Angie, Glob and the ForceJorge Barrasa Fano · 29-06-2021 10:00 · Winners "Your research in one image or 1000 words" - 1st Edition
- What’s wrong with you today, Angie? You look puzzled...
- We try so hard to keep our secrets, but they always figure out ways to unravel them… This last thing is just unbelievable, Glob!
- Why? What happened?
- Didn’t you hear the news? They have now figured a way to measure how much force we are able to exert.
- But how? we are so tiny and humans are so big… how can they manage to do that?
- Well, they collect us and put us in Petri dishes with a biomimetic hydrogel and observe us…
- A biomimetic hydrogel?
- Yes, it’s basically a material that mimics our natural environment.
- Oh... I see… these humans and their inventions. But anyways, they can grow us in these hydrogels, but how do they get to measure forces?
- Well, they actually make these hydrogels in a very attractive way. They have proteins that we can hold on to, they include a nice medium where we have nutrients, you name it. But most importantly, they add a substance that triggers us to form new blood vessels!
- What?! They add proangiogenic factors also? Oh Angie, I love proangiogenic factors, they are so delicious! I am missing them so much, I feel like I can’t do much work without them.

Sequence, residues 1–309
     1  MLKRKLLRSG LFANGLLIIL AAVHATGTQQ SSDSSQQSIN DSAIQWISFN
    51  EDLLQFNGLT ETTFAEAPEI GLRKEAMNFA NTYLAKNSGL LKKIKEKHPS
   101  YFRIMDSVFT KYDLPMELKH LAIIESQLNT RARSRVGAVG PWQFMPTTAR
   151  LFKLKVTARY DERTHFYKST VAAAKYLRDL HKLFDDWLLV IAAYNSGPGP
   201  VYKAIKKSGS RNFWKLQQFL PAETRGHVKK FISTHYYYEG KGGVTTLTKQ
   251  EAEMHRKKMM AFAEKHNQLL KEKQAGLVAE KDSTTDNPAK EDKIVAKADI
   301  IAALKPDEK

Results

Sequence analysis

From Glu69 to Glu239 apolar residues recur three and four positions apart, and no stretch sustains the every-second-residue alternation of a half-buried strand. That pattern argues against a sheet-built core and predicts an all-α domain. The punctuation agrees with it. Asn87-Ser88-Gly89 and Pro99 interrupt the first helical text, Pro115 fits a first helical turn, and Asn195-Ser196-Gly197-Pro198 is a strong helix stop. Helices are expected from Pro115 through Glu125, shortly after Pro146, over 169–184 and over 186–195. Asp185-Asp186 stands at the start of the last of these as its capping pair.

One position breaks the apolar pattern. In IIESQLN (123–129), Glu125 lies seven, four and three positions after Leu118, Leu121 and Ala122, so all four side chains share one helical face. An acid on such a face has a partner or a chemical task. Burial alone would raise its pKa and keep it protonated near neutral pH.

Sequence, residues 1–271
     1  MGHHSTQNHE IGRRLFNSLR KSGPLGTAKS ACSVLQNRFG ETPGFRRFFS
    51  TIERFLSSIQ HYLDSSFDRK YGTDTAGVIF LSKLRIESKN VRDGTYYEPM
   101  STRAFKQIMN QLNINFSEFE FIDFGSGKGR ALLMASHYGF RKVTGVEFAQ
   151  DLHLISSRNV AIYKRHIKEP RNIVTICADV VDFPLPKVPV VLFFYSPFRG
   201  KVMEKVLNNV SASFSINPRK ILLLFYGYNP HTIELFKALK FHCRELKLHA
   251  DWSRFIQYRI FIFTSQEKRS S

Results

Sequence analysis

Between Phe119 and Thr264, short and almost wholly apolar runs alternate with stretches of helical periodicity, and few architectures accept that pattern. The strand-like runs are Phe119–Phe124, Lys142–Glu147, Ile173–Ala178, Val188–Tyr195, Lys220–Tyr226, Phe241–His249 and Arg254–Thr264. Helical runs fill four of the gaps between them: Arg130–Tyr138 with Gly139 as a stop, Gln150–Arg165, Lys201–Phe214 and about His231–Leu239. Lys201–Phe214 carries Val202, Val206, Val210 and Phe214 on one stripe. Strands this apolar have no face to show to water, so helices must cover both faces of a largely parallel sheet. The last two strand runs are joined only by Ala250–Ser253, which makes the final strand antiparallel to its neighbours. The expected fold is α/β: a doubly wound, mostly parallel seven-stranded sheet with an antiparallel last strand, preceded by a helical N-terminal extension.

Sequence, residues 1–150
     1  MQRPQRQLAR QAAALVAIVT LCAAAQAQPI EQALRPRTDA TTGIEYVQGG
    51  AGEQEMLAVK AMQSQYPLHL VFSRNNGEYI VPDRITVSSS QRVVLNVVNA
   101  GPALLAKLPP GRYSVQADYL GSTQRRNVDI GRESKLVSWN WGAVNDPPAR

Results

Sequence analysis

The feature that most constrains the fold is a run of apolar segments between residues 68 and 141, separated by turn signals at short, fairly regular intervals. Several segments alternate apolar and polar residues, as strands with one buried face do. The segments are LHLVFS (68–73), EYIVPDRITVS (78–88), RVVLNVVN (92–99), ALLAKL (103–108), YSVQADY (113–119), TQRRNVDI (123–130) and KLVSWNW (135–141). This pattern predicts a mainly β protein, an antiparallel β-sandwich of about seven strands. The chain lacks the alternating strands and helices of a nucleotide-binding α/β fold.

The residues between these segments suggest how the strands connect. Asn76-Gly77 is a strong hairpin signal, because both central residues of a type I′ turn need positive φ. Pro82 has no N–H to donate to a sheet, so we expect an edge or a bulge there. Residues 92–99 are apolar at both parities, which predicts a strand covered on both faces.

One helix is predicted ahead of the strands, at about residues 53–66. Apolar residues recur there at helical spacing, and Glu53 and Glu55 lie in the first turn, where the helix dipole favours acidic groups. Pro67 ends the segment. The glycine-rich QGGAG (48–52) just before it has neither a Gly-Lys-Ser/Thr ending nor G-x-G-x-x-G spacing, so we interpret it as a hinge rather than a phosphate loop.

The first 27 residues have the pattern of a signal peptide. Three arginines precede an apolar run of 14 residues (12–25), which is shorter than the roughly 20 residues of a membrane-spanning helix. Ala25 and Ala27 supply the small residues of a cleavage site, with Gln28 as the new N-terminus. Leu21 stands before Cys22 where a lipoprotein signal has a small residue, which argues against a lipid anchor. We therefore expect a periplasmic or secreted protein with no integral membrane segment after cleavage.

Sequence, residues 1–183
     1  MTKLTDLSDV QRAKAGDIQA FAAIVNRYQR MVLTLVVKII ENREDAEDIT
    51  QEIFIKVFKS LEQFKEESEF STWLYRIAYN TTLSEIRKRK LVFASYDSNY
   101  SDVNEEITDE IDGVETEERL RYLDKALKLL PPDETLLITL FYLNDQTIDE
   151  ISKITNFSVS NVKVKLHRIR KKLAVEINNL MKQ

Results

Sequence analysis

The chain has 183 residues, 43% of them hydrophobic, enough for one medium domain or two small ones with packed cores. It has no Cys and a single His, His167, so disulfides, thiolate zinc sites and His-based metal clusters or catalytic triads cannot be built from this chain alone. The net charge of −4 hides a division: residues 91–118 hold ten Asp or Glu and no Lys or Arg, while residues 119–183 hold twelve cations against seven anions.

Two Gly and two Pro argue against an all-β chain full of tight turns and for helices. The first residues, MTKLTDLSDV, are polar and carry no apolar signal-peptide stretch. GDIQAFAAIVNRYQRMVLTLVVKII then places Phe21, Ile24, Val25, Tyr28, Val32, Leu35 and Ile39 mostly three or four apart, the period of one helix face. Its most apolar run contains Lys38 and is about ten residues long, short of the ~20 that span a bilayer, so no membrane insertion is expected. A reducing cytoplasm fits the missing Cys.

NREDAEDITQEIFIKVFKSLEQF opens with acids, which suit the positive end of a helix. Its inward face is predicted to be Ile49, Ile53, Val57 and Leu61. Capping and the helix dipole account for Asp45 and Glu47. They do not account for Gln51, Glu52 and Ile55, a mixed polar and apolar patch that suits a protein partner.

- Of course Glob! We are endothelial cells, without them, we can’t form new blood vessels!
- Okay, so humans put us in these super comfy hydrogels, with enough food and even proangiogenic factors. So I guess, then we start forming new blood vessels by holding on to each other, pulling and pushing the hydrogel to make some space. To do this, we indeed need to exert a good amount of forces in the hydrogel, otherwise, we wouldn’t move. But I still can’t imagine how they measure them…
- Well, they also embed thousands of fluorescent spheres in the hydrogel. They are really small, several orders of magnitude smaller than our nuclei. Since they are attached to the hydrogel, when we exert a force and deform it, these spheres also move with it!
- Oh… I see. So they can actually see how we deform the hydrogel just by looking at these spheres.
- Well, they can’t do it with their weak human eyes… apparently, they use a gigantic machine called microscope that is able to take images at a super small scale, enough to see us and the movement of these spheres.
- Wow… that is very small… So I guess that they need to take a couple of images every certain time to see these spheres moving, right?
- Exactly. And finally, they add something that you won’t like…
- You are scaring me, Angie.
- It won’t necessarily kill us but it blocks our mechanical activity. It’s a substance that paralyzes our cytoskeleton blocking our ability to hold onto the hydrogel or exert any force.
- That sounds horrible! Why would they do that?
- I know Glob, but they need to have an image of the hydrogel where there are no forces applied. They need to see a fully relaxed, non-deformed hydrogel. By blocking our movements, the hydrogel, which is elastic, goes back to its original configuration. Then, they image it and compare it to the image that they took when we were exerting forces.
- But they are just humans… how can they track the movement of thousands of spheres? That would take them forever.